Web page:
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|Subject: Hurricane Ike heads for Cuba Sun Sep 07, 2008 8:11 pm|| |
HAVANA (Reuters) - Hurricane Ike killed at least 37 people in Haiti and ripped off rooftops in the southern Bahamas on Sunday as Cuba scrambled to get hundreds of thousands out of the path of a storm headed toward the U.S. Gulf oil patch and possibly New Orleans.
Despite weakening slightly, Ike was still a dangerous Category 3 hurricane with 120 mph (195 kph) winds and a possible 12-foot (3.6-metre) storm surge.
It bore down on Cuba's coast after dumping more heavy rain on Haiti and raging through Britain's Turks and Caicos, and Great Inagua, the Bahamas' southernmost island.
"This one is quite severe," said Inagua resident Shanie Roker. "There is a lot of wind and rain. Roofs in Matthew Town are being damaged and trees are coming down."
Residents of the Florida Keys, a 110-mile (177-km) island chain connected by bridges with only one road out, were told to evacuate as a precaution.
Ike could follow a path similar to Hurricane Gustav through the Gulf of Mexico toward Louisiana and Texas. It may threaten New Orleans, the city swamped by Hurricane Katrina three years ago, and the Gulf energy rigs that account for a quarter of U.S. oil output and 15 percent of natural gas output.
The hurricane rained new misery on Haiti. Authorities said at least 37 people, including 13 children, were killed by floods triggered by Ike in Cabaret, a town north of the capital, Port-au-Prince.
"The whole village is flooded," civil protection official Moise Jean-Pierre said. "The death toll could go higher."
Flooding from Tropical Storm Hanna last week was believed to have killed at least 500 people around the port city of Gonaives.
On Sunday, rain from Ike was causing the La Quinte river to rise again and floodwaters were seeping back into Gonaives, Mayor Stephen Moise said. All of the bridges linking the city to the rest of the country had collapsed.
"Gonaives is really a devastated and isolated city," he said. "We cannot bear another hurricane."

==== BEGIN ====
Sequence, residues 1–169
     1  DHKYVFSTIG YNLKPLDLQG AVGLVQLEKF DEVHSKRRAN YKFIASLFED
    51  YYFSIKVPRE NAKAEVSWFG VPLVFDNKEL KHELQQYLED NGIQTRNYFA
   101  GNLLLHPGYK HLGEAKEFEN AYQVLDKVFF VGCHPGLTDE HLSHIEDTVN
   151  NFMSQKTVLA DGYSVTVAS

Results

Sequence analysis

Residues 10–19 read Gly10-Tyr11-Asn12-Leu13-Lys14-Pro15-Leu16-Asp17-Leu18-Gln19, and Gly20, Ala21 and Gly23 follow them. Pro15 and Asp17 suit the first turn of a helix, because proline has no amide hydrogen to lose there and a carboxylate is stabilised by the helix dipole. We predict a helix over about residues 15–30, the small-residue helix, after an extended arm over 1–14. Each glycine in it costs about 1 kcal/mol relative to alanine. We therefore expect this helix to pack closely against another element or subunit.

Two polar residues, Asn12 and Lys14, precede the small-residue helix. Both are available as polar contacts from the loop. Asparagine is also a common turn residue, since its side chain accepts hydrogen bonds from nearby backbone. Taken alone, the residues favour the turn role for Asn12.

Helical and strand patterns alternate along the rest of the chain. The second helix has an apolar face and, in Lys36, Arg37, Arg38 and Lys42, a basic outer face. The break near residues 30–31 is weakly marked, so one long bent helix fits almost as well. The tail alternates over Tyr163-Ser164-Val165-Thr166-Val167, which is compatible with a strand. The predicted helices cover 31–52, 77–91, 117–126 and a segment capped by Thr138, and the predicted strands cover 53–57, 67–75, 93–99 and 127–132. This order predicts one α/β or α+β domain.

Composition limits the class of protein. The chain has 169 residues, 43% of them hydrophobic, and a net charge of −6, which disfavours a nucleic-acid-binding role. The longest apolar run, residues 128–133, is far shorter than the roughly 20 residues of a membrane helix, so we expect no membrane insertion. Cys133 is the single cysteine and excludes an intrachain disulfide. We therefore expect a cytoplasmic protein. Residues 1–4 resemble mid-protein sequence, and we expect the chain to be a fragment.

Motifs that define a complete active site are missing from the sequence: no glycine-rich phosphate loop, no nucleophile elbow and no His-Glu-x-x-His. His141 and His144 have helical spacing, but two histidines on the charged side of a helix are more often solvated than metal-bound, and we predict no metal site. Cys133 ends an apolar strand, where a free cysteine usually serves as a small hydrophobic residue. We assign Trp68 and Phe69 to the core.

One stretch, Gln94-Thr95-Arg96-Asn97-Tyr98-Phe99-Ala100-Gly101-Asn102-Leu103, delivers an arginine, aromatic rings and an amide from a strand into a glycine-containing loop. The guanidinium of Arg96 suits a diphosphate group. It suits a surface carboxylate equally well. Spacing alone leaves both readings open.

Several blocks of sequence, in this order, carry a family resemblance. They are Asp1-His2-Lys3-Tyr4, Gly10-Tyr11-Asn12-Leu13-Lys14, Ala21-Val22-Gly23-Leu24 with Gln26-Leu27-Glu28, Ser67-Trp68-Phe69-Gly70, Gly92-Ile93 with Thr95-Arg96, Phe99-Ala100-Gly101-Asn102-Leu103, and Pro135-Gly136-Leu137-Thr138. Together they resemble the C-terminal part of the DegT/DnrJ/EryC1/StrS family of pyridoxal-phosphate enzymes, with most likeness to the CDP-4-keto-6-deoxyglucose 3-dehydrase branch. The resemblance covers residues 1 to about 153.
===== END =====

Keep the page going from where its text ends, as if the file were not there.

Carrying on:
PATH ACROSS CUBA
In the neighbouring Dominican Republic, a 60-year-old man was killed by a falling palm tree and some 41,000 people were driven from their homes by rain and gusty winds.
Many of Cuba's 11 million people could be affected by Ike, which was expected to hit land north of Guantanamo Bay -- home to the controversial U.S. prison camp for terrorism suspects -- and spend nearly two days over the long, narrow island.
By 5 p.m. EDT (10:00 p.m. British time), the centre of Ike was 75 miles (120 km) north-northeast of Guantanamo.
Authorities used buses, trucks and other transportation to move thousands of tourists inland from Cuba's prime resorts along the northern coast. Ranchers herded cattle in grazing areas of eastern Las Tunas and Camaguey to higher ground.
Ike was set to come ashore in Holguin, home of the nickel industry, Cuba's most important export, then move westward over the heart of the sugar industry. Holguin's mines and three processing plants in the mountains were shut down.
Holguin and neighbouring provinces have not been hit by a storm of Ike's power in more than 50 years.
"I've never seen a hurricane pass over this city and I'm terribly frightened," university student Yaneisy Betancourt said by telephone from the port city of Nuevitas.
The storm hit the eastern islands of the Turks and Caicos as a Category 4 storm with 135 mph (215 kph) winds, damaging 80 percent of the houses on Grand Turk, home to about 2,500 of the islands' 22,000 residents, government spokesman Courtney Robinson said.
"There's a lot of flooding. Power lines are down. Communications lines are out," he said.
In the Florida Keys, a steady stream of traffic moved along the Overseas Highway as some people evacuated even though Ike was expected to pass at least 100 miles (160 km) to the south.
Ike was forecast to curve into the Gulf in the wake of Gustav, which went ashore just west of New Orleans last week, sparing the city traumatized by Katrina in 2005.
Katrina killed 1,500 people and caused about $80 billion damage on the U.S. Gulf Coast.
Ike's most likely track had it aimed at the Texas-Louisiana border. But long-range forecasts have a large margin of error and any deviation could take it toward New Orleans.
Forecasters expected Ike to weaken to a Category 1 storm on the five-step Saffir-Simpson intensity scale over Cuba but to regain Category 3 strength as it nears the U.S. Gulf coast.
Oil companies had begun returning workers to the offshore platforms that were evacuated before Gustav hit but began preparing for the arrival of Ike.
(Additional reporting by Joseph Guyler Delva in Port-au-Prince, Michael Haskins in Key West, John Marquis in Nassau and Manuel Jimenez in the Dominican Republic; Writing by Jim Loney; Editing by Tom Brown and John O'Callaghan)